1Job hunting is frustrating, especially if you aren't having any success. Many things can set you back in your job hunt. First, review your resume and cover letters to make sure they're well-written and clear. Ask someone to look at them for you and suggest improvements. Also make sure you're highlighting the particular skills that fit the positions you're applying for so hiring managers can tell that you're qualified. After doing that, there are a few more tricks to having more success.

Consider if you're applying for jobs that you aren't qualified for. For example, if a job requires a master's degree and you didn't finish college, you'll have a hard time getting that job. You might have to look for jobs that you're more qualified for or build your education level to be more competitive.

Check your online presence and make sure you aren't posting anything inappropriate. Employers look at your online accounts, so make sure they're all professional.

Work on your interview and personal skills if you're getting interviews without offers. Try to improve the way you answer questions and present yourself to nail the interview.

Question 19 of 22:Should I focus my search on job postings in my field during the COVID-19 crisis?

1No. While you can continue looking in your area of expertise, it's best to broaden your search into other sectors. With so many people out of work, employers might be more understanding of people applying to jobs outside their field, so cast your net wider than usual.

Be ready to explain how your past experience prepares you for this job. If you were a teacher, for example, you have good people skills and could handle a sales position.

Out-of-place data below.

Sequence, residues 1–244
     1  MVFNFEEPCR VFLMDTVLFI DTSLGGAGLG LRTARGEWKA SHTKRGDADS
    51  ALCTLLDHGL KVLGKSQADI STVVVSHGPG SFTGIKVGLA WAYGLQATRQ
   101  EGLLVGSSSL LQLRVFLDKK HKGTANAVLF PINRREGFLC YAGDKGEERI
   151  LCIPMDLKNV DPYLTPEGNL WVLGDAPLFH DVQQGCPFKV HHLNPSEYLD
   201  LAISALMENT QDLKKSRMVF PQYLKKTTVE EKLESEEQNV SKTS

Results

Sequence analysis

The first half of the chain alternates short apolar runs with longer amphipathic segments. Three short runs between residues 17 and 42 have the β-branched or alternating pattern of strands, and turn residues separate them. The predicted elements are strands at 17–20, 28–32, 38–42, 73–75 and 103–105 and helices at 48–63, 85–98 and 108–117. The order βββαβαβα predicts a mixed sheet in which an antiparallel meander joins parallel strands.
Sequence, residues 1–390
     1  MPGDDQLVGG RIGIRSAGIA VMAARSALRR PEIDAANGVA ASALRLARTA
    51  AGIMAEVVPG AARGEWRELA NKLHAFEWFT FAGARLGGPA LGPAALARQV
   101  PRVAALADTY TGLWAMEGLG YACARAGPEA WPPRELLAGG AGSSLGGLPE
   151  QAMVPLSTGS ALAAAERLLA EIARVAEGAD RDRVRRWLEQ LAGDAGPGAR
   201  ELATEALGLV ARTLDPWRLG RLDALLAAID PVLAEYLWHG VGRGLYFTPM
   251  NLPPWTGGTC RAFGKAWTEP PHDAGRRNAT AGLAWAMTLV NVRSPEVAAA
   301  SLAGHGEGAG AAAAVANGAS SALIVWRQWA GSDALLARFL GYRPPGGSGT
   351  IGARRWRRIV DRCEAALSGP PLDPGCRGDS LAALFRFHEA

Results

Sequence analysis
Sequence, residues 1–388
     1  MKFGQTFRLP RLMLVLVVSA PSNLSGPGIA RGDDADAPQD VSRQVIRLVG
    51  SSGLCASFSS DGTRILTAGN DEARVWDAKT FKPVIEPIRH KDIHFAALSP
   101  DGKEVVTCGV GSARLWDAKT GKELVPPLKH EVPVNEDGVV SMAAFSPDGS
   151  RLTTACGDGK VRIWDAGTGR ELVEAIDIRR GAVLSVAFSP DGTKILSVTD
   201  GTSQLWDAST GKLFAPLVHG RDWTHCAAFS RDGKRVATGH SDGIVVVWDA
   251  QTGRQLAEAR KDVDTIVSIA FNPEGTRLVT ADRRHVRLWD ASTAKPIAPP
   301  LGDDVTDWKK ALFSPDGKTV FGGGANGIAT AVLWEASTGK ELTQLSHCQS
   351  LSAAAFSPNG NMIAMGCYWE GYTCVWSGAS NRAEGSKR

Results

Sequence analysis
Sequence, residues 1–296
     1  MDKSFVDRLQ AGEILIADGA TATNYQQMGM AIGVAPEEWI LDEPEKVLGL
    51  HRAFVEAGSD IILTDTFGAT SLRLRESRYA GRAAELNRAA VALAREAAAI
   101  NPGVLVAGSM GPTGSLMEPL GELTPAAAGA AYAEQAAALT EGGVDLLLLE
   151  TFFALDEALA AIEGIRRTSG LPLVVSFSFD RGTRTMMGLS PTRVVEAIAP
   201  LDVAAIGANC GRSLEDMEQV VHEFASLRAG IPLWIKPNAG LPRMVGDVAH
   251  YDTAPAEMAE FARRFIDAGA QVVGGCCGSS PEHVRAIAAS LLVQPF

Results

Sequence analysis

Remember that this isn't necessarily your new career. Rather, it's a short-term solution. There's no shame in working a job outside your field or below your experience level to pay your bills until the situation improves.

Question 20 of 22:What sectors are hiring during the pandemic?

1In general, sectors that provide essential or in-demand services. Some hiring sectors are emergency services like police and fire departments, healthcare companies, delivery services, construction companies, and remote or telecommunication firms.

Companies like Amazon and UPS are hiring because there is a higher demand for home delivery. You could also get some temporary work delivering food for a restaurant or Uber Eats.

Any remote firms may also be hiring. They haven't taken as large of a hit from the crisis since their operating costs are usually lower.

Question 21 of 22:Are local businesses hiring during the pandemic?

1They might be. Some local businesses in essential industries, like restaurants or supermarkets, might have openings because of the increased demand for their services. Try calling some local businesses and checking if they have any openings.

Restaurants are hiring many more delivery drivers to handle the demand, so these would be a good place to start.

While cold-calling isn't always the most effective strategy, it might work better in this situation. Smaller local businesses might not have time to put job ads online, so contacting them directly could work.

Question 22 of 22:Should I accept temporary or freelance work during the pandemic?

1If you can find it, then definitely. Remember that this is a temporary crisis, so branching out is a good idea. If you find a job that only lasts 3 months, then take it to cover your bills in the meantime. Then you can continue looking for permanent work.

If you have any additional skills like design or writing, then you could earn some freelance income. Try posting about your services on social media to get the word out.

Temp agencies are a good source for short-term work. Try registering with one of these agencies to find some temporary work.